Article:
Although it is much loved, the playfulness of Verdi’s final opera, written when he was eighty, can divert attention from its musical and emotional intelligence. It almost requires more skill to write a piece that maintains a cracking pace throughout, and hence sees arias and recitative virtually merge into one, than it does to compose the most soulful, languid or popular operatic tunes. When, for example, Verdi tricks us into thinking we are about to hear a full lovers’ duet, only for it to be interrupted before taking flight, he reveals both his wit and his musical subtlety in making the joke work.
The achievement of Verdi and his librettist was to take the quintessentially English story of The Merry Wives of Windsor, and make it feel both appropriately English and Italian. This is something that Robert Carsen’s new production, created in collaboration with the Teatro alla Scala and Canadian Opera Company, also succeeds in doing by setting the action in the 1950s. Many opera directors warm to this era as the most modern period available that still maintains the social hierarchies of the original setting, and for Carsen this period of change in Britain was a ‘new Elizabethan age’. In Paul Steinberg’s sets, consisting of luxurious walnut panelling rising to the height of the stage, we see post-war British design in action, and yet something that might also pass for mid-century Italian.
Ambrogio Maestri, making his role debut at Covent Garden although he is already an experienced Falstaff, is brilliant in the title role. He is not initially the loveable rogue from top to toe, as his grubby long johns and persona give him a slightly stern and gritty edge. He still, however, captures the essential likeability of the character, emphasising that Falstaff needs be to fed to be who he is, positively enjoying his reputation as a womaniser, and ultimately proclaiming his own wit as a gift to the world. To say that Maestri booms to great effect would be true but misleading, for his voice is also capable of the utmost sensitivity and over the evening it generates a variety of well-nurtured effects. Equally magnificent is Marie-Nicole Lemieux’ Mistress Quickly, whose resonant voice complements her fine gestures as she ‘seductively’ curls her leg in a curtsey, licks cake mixture off a spoon, and hand feeds Falstaff his food.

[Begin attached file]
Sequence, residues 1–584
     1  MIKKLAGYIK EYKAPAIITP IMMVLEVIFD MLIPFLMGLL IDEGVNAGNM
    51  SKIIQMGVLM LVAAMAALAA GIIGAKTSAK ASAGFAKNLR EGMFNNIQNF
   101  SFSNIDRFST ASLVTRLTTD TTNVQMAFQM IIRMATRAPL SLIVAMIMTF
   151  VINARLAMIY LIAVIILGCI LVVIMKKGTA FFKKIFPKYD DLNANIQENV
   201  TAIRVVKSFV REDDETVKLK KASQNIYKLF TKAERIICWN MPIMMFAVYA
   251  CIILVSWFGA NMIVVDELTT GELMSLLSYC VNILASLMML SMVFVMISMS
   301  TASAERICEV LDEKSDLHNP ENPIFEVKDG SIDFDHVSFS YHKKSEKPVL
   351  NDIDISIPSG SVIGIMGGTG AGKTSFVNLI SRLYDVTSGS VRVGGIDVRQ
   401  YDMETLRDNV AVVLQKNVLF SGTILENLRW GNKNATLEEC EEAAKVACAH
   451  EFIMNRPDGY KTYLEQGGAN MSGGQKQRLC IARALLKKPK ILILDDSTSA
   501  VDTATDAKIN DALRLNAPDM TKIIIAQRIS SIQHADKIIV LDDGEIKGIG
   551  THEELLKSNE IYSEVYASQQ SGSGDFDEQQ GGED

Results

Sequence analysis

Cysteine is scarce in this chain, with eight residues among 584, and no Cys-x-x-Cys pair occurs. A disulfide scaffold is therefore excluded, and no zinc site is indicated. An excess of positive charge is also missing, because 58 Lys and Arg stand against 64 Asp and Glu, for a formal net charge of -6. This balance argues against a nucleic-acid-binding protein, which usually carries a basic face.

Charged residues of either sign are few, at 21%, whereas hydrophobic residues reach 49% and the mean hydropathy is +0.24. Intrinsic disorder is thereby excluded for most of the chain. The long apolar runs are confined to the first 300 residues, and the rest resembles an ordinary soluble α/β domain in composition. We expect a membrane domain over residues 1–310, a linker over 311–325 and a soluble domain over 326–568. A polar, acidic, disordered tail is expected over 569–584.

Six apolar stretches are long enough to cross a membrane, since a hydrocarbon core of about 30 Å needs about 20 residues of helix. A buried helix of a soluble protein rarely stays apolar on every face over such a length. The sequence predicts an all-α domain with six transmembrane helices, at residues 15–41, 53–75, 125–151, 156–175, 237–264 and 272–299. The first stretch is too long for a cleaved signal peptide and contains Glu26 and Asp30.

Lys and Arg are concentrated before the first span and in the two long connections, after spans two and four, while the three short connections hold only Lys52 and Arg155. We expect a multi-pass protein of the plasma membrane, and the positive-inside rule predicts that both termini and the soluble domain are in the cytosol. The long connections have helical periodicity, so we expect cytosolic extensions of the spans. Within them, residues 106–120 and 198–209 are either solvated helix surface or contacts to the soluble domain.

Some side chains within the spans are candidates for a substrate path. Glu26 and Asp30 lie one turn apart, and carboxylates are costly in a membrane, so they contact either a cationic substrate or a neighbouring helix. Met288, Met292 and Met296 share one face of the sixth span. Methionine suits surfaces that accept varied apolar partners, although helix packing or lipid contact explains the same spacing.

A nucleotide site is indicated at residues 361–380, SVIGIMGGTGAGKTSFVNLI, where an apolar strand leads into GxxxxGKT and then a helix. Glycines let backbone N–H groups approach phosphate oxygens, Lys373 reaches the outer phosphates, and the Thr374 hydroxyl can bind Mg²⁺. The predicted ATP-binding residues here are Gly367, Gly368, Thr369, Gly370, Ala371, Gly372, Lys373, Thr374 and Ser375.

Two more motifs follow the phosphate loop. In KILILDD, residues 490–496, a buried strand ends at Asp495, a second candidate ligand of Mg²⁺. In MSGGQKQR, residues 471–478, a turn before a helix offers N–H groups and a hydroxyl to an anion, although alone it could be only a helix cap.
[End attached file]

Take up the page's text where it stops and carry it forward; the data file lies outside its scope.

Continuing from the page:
The staging is highly dynamic, with effects ranging from the exceptionally subtle to the downright hilarious. When the quartet of women start taking over the Garter Inn’s dining room with their singing, other diners move tables in annoyance. The hunt for Falstaff in Ford’s house sees the chorus truly ransack the kitchen, and embark on a commando-style mission, before the scene reaches its perfectly judged climax. By Act III the audience is laughing before the curtain has risen more than a few feet as they spy the sodden Falstaff lying on the hay and the real horse Rupert, who is later to carry Maestri on his back, resting in his stable.
In the pit Daniele Gatti maintains a firm grip on the challenging score, and his precision and command radiate out to Ana María Martínez’s Alice, Kai Rüütel’s Meg, Amanda Forsythe’s Nannetta and Joel Prieto’s Fenton. Particularly impressive are the ensemble passages in Act I, Scene II, which involve two groups of four singers and demand perfect timing from every singer and player. Not all of the male vocal performances feel quite as strong, although this score may neither allow or demand certain types of voice to be shown at their best, but there is no disputing the comic timing of Falstaff’s henchmen, Alasdair Elliott and Lukas Jakobski.